The Mubarak of Georgia

Conditions are ripe for revolt in Georgia. Washington shouldn't prop up Saakashvili's authoritarian regime.

American foreign policy experts, having been caught off guard by the swift regime changes in Tunisia and Egypt, are now examining other countries where citizens have been oppressed and denied basic democratic freedoms. Countries where peaceful street protests have turned violent, where opposition political parties have been brutally squashed, and where economies are in tatters, elections rigged, judicial systems corrupted, and free media bound and gagged.

One of those states is Georgia, where U.S.-backed President Mikheil Saakashvili must be concerned by the latest turn of events in Egypt. He and former Egyptian President Hosni Mubarak have many similarities.

Georgian opposition leader and former Speaker of the Parliament Nino Burdzhanadze, one of the masterminds of the so-called Rose Revolution which swept Saakashvili into power in 2004, warned that the Georgian capital Tbilisi could erupt in a passionate cry for democracy and change the same way Cairo did. As Burdzhanadze said this week, “a social explosion may take place.” Censorship has increased in Georgia. The Internet and all media outlets are under personal control of the government. Unlawful wiretaps are common.

And popular anger about Saakashvili’s extravagances is brewing. The president built himself a multi-million-dollar palace, bought a private jet with a special ejection seat and is now erecting another palatial domed estate for his wife. He travels with a phalanx of bodyguards and is known, like Libyan dictator Muammar Qaddafi, as a man of “appetites.”

Saakashvili’s term expires in 2013, but he has changed the constitution to allow him to remain on as prime minister. He has also hired four top lobbying firms in Washington, one of which counted Hosni Mubarak as a client.

If the United States really intends to reset relations with Russia, it must examine its role in propping up Saakashvili’s authoritarian regime at a time when dictators are no longer in fashion. In a recently released WikiLeaks document, Saakashvili met with U.S. Assistant Secretary of Defense for International Security Affairs Alexander Vershbow last October to discuss the volatile climate in Abkhazia and South Ossetia, two breakaway regions which the president of Georgia has vowed to reclaim. In August 2008, according to a European Union report, Saakashvili invaded South Ossetia, sparking a five-day skirmish that ended with thousands injured, several dead, homes and churches destroyed, and Russian tanks headed toward the Georgian capital.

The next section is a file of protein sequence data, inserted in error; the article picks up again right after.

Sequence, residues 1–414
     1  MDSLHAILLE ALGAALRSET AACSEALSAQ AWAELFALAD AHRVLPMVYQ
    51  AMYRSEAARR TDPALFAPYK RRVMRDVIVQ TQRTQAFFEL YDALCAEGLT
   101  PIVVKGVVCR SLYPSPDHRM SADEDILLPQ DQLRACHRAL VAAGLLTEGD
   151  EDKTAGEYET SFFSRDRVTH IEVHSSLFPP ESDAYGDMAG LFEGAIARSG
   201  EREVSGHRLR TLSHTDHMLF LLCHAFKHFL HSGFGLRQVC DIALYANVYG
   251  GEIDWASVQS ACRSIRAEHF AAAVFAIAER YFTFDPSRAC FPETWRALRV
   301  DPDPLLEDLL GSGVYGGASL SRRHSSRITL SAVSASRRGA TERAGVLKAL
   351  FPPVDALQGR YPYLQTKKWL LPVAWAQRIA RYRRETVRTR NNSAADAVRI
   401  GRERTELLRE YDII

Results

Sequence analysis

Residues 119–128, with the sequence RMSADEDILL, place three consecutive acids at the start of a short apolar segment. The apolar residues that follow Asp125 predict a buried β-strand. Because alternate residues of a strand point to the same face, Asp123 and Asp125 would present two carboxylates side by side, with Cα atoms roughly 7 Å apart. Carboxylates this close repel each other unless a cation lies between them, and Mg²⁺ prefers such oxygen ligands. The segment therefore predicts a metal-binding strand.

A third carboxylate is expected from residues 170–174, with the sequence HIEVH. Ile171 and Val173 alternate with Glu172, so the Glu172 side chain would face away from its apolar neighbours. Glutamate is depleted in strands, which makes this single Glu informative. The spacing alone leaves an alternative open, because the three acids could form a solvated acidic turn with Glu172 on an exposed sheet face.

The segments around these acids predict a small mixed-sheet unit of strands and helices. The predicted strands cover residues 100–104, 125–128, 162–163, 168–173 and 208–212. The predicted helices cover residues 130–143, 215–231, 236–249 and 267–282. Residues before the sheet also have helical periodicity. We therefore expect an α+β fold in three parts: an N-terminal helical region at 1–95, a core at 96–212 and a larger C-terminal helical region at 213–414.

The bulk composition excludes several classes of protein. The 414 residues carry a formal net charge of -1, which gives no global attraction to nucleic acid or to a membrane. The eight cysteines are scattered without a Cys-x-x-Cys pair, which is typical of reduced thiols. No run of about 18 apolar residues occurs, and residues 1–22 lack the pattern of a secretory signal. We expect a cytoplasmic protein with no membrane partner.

The United States has pressed Saakashvili for a peaceful solution in the separatist regions (most of the citizens hold Russian passports and consider themselves Russian), but the stubborn Georgian leader refuses to back down. During the meeting, Saakashvili asked Vershbow for “deepened defense and security assistance,” according to the leaked cable, and “stressed that time matters, as Georgia needed a [military] deterrent.” (The country, with roughly 4.5 million inhabitants, is the size of West Virginia.)

Saakashvili felt Russia would attack Georgia if Moscow believed the country to be weak and undefended. The American security adviser was taken aback. He then had to remind the Georgian president that “even with added capabilities, Georgia needed to be realistic as it could never defeat Russia.” Vershbow strongly advised that there was no military solution to the conflict. Saakashvili then asserted that “every minute of delay of Russia’s invasion mattered because only international intervention had prevented Russian tanks from rolling into Tbilisi.” The leaked classified cable is revealing, as it shows the Georgian president is clearly delusional, paranoid and itching for a fight. In September 2008, the United States provided Georgia with a $1 billion aid package but since then has refused to sell arms to the country, whose the army is woefully inept.

Saakashvili cut diplomatic ties with Russia, which now seems to have been a misstep given Obama’s wish to warm up relations with the Kremlin and ease the tension in the Caucasus. Saakashvili’s trump card has always been the area of Pankisi Gorge, with a growing and violent Islamic insurgency responsible for various terrorist attacks against Russia—the most recent being the airport suicide bombing in Moscow. He has been viewed as soft on the terrorists, tacitly approving of their continued efforts. Saakashvili has also been a keen supporter of Belarusian dictator Aleksandr Lukashenko and indeed was the only foreign leader to telephone Lukashenko and congratulate him after the phony presidential elections in Belarus last December. The election was so fraudulent, the United States and the European Union have broken all ties to Belarus.

When Saakashvili took power in 2004, his wife gave a magazine interview in which she compared her husband—a strong leader—to Beria and Stalin. Indeed, there is a question of Saakashvili facing a trial for war crimes. If he is seen as culpable, there is no doubt he will turn to the United States for help. By that time, however, the fever from Cairo will have spread.

In the words of the vice president of the World Congress of the People of Georgia, Badri Meladze, “Georgia cannot tolerate injustice forever.”

Tsotne Bakuria is a former member of the Georgian parliament.